Located 15 minutes northeast of downtown Saskatoon, Wanuskewin Heritage Park combines an archaeological site, indigenous cultural interpretations and performances, indoor exhibits and galleries.

Works by contemporary and traditional First Nations artists include paintings, sculptures, beadwork, jewellery and porcupine quill-decorated baskets.

The unique birch bark bitings by Cree Elder and residential school survivor Sally Milne are especially impressive. Using only her teeth to bite hand-peeled birch bark, she creates distinctive pieces of art. wanuskewin.com

Inuit culture

Although it’s a small building, Churchill Manitoba’s Itsanitaq Museum houses impressive displays of 1,300 items from a collection of 4,800 Inuit artifacts and works of art. Itsanitaq means “things from the past – objects, events and stories.”

Most outstanding are the whalebone, walrus ivory, soapstone and muskox horn carvings. Visitors can listen to audio descriptions of specific items on handsets. We especially enjoyed viewing handmade items from everyday Inuit life, including tools, sealskin boots and boats. travelmanitoba.com/directory/itsanitaq-museum

World’s only mooseskin boat

Much rarer than the sealskin boats in the Itsanitaq Museum’s collections is the only mooseskin boat ever preserved. For us, it was the highlight of the natural history, northern aviation, mining exhibits, Dene and Inuvialuit cultural displays in the Yellowknife, N.W.T. Prince of Wales Northern Heritage Centre.

A moose hide sign explained that, from the late 1800s to the 1950s, these boats transported people, dogs, meat, furs and other goods down rivers to the Mackenzie River and trading posts. Designed as temporary craft, the boats were dismantled after the journey. The hides were used for clothing and other items and the occupants returned home on foot.

By the 1950s, mooseskin boats had virtually disappeared. Elders, who still retained the knowledge and skills, decided to teach young people about this part of their heritage. In 1981, Gabe Etchinelle built the boat from eight moose hides, without nails, using only an ax, needles and knives.

Another moose hide sign shows its route from the construction site near the headwaters of the Keele River to the Mackenzie River and Tulita (formerly Fort Norman). A barge transported it to Yellowknife. pwnhc.ca

Largest Yukon River sternwheeler

Canada’s maritime history is also showcased in a Parks Canada museum inside the permanently docked S.S. Klondike in Whitehorse.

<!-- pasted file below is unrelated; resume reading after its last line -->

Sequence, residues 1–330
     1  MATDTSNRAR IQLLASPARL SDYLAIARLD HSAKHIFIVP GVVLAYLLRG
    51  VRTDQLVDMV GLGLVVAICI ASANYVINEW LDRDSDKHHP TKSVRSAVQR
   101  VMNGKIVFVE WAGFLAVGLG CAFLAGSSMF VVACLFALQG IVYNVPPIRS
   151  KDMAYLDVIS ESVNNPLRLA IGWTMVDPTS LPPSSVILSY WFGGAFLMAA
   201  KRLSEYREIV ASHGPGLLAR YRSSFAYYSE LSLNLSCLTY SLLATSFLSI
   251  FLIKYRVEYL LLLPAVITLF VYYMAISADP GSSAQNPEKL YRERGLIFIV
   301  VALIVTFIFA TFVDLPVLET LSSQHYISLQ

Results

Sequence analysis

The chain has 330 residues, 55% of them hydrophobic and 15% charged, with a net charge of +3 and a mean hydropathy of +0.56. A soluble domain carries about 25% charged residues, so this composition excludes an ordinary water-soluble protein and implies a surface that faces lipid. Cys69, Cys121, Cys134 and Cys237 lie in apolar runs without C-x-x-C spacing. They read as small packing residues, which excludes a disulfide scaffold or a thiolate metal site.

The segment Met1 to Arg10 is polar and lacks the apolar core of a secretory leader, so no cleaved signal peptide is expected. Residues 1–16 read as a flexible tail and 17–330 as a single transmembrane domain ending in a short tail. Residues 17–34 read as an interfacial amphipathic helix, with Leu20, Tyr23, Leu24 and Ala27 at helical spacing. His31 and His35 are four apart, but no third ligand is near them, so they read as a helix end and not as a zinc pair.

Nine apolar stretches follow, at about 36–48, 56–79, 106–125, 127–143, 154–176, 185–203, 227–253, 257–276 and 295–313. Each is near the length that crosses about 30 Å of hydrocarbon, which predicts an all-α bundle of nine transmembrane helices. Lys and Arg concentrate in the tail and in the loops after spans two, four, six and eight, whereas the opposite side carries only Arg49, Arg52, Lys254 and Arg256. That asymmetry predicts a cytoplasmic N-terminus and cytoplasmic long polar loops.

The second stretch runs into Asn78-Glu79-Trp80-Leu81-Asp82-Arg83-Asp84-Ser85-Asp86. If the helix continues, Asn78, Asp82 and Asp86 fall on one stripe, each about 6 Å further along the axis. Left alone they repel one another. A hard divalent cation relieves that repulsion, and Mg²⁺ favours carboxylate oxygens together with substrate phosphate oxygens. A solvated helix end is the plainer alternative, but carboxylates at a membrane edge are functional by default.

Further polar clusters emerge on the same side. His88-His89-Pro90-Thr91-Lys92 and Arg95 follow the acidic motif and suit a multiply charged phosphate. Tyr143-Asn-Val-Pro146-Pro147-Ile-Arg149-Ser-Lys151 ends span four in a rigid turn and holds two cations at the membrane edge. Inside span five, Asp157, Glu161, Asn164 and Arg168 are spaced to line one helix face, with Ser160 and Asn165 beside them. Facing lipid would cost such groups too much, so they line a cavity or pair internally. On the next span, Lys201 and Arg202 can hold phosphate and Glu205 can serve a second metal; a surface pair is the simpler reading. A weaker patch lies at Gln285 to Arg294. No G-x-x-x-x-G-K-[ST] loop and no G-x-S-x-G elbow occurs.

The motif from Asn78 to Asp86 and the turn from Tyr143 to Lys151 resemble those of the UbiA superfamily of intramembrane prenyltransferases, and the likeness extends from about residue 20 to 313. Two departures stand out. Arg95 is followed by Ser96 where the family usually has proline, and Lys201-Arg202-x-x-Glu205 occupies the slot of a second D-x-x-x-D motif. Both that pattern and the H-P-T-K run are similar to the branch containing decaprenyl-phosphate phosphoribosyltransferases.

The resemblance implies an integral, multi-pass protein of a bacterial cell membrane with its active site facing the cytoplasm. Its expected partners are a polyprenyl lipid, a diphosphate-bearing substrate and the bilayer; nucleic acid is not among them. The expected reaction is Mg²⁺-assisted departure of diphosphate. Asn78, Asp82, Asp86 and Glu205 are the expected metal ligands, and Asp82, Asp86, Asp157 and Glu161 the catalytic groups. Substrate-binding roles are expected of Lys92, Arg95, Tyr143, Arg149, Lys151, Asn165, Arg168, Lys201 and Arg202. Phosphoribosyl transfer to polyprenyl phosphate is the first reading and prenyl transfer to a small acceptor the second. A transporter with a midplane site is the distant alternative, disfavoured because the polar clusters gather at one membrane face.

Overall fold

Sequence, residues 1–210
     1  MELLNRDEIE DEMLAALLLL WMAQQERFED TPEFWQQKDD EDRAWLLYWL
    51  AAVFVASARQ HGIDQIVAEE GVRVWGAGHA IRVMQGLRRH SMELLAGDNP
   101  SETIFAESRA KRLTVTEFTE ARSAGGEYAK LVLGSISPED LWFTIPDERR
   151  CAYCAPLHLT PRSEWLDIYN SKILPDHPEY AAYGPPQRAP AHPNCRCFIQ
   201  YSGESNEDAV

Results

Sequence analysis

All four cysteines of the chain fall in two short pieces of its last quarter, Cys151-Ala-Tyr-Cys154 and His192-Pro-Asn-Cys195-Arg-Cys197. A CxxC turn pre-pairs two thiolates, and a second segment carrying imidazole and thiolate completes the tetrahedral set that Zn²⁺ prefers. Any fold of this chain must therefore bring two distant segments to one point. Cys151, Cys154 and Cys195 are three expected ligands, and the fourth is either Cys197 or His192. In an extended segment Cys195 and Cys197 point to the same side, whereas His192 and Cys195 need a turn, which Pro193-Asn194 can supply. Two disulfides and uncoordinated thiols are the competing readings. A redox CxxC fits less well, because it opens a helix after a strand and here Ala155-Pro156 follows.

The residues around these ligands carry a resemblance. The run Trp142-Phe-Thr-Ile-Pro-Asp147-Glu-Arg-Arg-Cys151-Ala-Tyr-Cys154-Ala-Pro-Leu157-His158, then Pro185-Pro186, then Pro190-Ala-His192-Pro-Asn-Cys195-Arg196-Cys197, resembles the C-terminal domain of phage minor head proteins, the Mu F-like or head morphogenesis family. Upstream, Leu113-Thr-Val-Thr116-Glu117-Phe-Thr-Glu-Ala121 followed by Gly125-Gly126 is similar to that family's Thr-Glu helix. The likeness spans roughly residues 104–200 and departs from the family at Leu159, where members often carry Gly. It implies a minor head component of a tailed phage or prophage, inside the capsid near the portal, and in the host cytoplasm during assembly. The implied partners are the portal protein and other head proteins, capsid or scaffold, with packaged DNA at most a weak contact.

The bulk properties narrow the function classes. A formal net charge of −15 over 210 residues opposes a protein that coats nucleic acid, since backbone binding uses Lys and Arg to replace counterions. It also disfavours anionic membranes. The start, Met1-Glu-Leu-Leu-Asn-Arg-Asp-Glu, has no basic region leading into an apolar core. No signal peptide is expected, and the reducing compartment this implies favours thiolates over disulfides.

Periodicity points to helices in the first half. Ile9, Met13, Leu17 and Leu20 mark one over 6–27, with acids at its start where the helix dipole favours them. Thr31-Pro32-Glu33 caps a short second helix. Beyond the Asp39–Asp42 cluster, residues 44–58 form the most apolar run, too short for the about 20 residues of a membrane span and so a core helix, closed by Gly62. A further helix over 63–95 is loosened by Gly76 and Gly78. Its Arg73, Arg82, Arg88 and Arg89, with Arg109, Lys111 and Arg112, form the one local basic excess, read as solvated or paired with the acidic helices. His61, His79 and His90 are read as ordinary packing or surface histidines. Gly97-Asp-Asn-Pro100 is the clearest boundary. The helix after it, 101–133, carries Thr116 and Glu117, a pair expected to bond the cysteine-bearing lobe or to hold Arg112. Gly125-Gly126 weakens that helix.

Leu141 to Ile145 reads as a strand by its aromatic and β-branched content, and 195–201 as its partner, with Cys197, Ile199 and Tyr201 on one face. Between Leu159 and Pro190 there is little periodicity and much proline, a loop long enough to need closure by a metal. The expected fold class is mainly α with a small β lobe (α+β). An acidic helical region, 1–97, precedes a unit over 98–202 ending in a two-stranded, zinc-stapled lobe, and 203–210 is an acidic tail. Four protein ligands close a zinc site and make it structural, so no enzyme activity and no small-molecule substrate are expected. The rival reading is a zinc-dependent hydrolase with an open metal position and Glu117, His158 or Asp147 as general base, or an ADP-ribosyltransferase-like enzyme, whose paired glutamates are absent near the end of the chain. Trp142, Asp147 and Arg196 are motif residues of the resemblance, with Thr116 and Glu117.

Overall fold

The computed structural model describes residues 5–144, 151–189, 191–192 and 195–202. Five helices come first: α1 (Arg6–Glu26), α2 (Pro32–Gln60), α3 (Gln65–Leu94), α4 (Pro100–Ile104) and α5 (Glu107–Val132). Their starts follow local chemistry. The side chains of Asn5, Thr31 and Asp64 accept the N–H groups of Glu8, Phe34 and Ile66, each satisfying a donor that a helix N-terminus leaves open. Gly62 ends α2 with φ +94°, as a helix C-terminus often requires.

To prepare for our visit to the national historic site, we viewed outdoor interpretive panels – developed in partnership with First Nations along the Yukon River – and watched the 20-minute In the Days of the Riverboats video in the theatre.

They explained how life on the Yukon’s rivers changed for Indigenous peoples after the first steam-powered paddlewheelers arrived in the 1860s, carrying newcomers and their ways of life until the 1950s.

During our guided tour, a heritage interpreter recounted stories of life on the river. We learned how much wood was required to keep the paddlewheel turning, how captains negotiated the rapids and how the crew unstuck ships from sandbars. pc.gc.ca/en/lhn-nhs/yt/ssklondike

Viking ship

Newfoundland’s Norstead Viking Village also reflects Canada’s maritime past. The replica 11th-century port and commercial trading site features four historically correct buildings, costumed re-enactors and a knarr (Viking ship).

Inside the sod-roofed boathouse, Bjorn explained that the Vikings explored the coasts of Newfoundland and Labrador in ocean-going traders such as this one. Built in Maine in 1996, the re-created 16.5-metre ship had an open deck and a canvas sail. Pointing at the planks, he noted that they were fastened with 2,700 rivets from an English bridge.

In the Norstead chieftain’s hall, other interpreters described daily life for the Vikings who settled in Newfoundland. We watched a woman spin sheep fleece into yarn with a whorl drop spindle. She explained how she knit the yarn into mittens, socks and hats with a needle made from moose antler. norstead.com

Living history museum

Just two kilometres from Norstead is another living history museum – L’Anse aux Meadows National Historic Site. Interactive displays in the visitor centre answer questions about Viking life and depict archaeological finds, including spindles and fragments of bone needles used by Norse women.